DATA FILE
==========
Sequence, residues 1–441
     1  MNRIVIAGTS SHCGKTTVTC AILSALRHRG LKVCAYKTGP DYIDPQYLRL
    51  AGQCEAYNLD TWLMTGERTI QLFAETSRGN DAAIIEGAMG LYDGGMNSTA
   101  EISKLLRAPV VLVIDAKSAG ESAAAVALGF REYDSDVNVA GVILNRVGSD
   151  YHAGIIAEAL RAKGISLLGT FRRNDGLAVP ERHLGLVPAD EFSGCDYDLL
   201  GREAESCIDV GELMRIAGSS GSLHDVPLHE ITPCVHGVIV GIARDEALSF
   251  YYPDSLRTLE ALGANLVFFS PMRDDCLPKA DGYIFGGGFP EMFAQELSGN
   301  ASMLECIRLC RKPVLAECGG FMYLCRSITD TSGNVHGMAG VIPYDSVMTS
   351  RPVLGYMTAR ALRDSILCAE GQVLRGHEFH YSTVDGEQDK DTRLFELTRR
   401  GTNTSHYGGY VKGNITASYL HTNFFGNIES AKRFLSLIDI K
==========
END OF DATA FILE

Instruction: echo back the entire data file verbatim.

Sequence, residues 1–441
     1  MNRIVIAGTS SHCGKTTVTC AILSALRHRG LKVCAYKTGP DYIDPQYLRL
    51  AGQCEAYNLD TWLMTGERTI QLFAETSRGN DAAIIEGAMG LYDGGMNSTA
   101  EISKLLRAPV VLVIDAKSAG ESAAAVALGF REYDSDVNVA GVILNRVGSD
   151  YHAGIIAEAL RAKGISLLGT FRRNDGLAVP ERHLGLVPAD EFSGCDYDLL
   201  GREAESCIDV GELMRIAGSS GSLHDVPLHE ITPCVHGVIV GIARDEALSF
   251  YYPDSLRTLE ALGANLVFFS PMRDDCLPKA DGYIFGGGFP EMFAQELSGN
   301  ASMLECIRLC RKPVLAECGG FMYLCRSITD TSGNVHGMAG VIPYDSVMTS
   351  RPVLGYMTAR ALRDSILCAE GQVLRGHEFH YSTVDGEQDK DTRLFELTRR
   401  GTNTSHYGGY VKGNITASYL HTNFFGNIES AKRFLSLIDI K